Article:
Ironically, Badr has been sycophantic to such an extent that he famously said that he can even clean the floor of the BJP office. It was in return that he was offered the post of Urdu Academy chairman. In intervies, he keeps on stressing that there is no photograph of his father in his house but Atal Bihari Vajpayee’s photographs are present in every room.

During his tenure the MP Urdu Academy has stopped all work. There are no function, no grants, no seminars, no campaigns for Urdu or efforts to appoint Urdu teachers, except a couple of mushairas every year.

No doubt, Bashir Badr is a fine poet. His collections of poetry have earned him name and fame. But he is neither the most representative poet of his era, nor a poet of stature of Shaharyar and Ahmad Faraz, let alone Ali Sardar Jafri, Majrooh, Kaifi Azmi or Janisar Akhtar.

However, his statements claiming that he is better than Ghalib and Meer, have hurt his image. Publicly and even among poetic fraternity he is now looked down upon. Many of his couplets are said to be work of old masters with lesser fame which he allegedly changed to suit his needs.

The literary societies who used to invite him for mushairas, stopped inviting him because of his demand for more fee. He also used to force them to send two tickets so that he could take his wife along.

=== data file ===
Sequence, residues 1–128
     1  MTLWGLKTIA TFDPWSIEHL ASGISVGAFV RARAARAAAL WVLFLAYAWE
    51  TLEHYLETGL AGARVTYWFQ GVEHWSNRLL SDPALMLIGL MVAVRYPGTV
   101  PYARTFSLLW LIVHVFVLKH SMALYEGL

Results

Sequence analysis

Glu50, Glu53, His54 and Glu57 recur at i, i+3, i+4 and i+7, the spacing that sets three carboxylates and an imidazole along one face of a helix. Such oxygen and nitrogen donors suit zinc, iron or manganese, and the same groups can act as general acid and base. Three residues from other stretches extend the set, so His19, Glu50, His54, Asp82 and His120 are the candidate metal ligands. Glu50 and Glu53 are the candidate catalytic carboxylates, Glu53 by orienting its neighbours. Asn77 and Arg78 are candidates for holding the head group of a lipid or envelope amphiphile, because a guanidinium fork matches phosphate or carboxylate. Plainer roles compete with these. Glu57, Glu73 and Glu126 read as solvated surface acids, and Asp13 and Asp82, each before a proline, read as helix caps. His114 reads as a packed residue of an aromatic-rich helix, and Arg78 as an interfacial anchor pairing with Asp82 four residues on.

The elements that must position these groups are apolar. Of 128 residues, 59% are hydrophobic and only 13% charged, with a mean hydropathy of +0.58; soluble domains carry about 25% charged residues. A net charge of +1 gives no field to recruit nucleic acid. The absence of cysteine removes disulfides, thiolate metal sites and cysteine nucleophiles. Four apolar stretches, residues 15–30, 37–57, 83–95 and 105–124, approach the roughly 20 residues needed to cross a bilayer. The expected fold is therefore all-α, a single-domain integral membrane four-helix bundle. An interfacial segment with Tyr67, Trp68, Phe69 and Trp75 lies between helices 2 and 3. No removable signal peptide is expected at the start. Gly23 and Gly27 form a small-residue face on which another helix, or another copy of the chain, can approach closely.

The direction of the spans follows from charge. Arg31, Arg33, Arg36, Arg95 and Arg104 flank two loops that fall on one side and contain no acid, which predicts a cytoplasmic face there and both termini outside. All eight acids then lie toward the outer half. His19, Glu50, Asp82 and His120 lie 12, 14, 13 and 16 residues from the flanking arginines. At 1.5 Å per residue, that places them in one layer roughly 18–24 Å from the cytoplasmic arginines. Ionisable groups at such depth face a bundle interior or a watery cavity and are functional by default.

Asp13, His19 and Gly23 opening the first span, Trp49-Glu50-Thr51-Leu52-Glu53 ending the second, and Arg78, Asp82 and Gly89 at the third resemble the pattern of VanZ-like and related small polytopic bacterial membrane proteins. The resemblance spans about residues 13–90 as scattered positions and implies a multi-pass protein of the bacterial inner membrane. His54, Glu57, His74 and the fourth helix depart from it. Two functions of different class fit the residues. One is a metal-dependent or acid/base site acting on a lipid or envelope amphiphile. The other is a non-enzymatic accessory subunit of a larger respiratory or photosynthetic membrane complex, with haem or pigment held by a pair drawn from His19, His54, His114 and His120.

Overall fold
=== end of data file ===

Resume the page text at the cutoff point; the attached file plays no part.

Still, despite all these allegations and controversies, he was considered a fairly good poet. But in the last couple of years, his growing megalomania had made him almost a pariah in Urdu poetry circles.

Urdu poets (Hafeez Taib)

Pride of Performance winner and famous poet Hafeez Taib was born on 14th Feb, 1931 in Pishawer, and died on 12th June 2004 in Lahore. He was 70.

The late Hafeez Taib will be remembered as a trendsetter in Naat writing. “He was the first poet who brought up current issues in his Naat. Earlier, poets used to follow the old and traditional style,” said Asmatullah Zahid, his colleague and head of the Punjabi Department at Oriental College Lahore.

Mr Taib started his career as a Punjabi literature lecturer at Oriental College. After retirement, he was included as a visiting lecturer and remained associated with the college until his death.

Although he gained fame from Naat, he also wrote ghazals and poems. Qutbi Tara, Salluallhe-Waallehi and Waslim-u-Tasleema are his famous Naats.

Azaz Ahmed Azar said the late Taib did not publish a book of ghazals because he did not want people to remember him as a romantic poet.